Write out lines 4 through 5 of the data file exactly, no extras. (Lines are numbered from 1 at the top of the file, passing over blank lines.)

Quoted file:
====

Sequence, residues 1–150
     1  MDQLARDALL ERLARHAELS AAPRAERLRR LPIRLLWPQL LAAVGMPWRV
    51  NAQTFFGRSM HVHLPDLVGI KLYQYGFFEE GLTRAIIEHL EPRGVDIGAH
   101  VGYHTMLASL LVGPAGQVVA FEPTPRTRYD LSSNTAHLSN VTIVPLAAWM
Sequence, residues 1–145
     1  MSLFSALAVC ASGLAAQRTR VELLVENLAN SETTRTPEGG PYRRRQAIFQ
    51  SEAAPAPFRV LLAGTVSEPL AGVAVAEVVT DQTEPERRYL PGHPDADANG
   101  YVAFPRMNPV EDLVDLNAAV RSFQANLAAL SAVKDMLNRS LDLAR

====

   101  VGYHTMLASL LVGPAGQVVA FEPTPRTRYD LSSNTAHLSN VTIVPLAAWM
Sequence, residues 1–145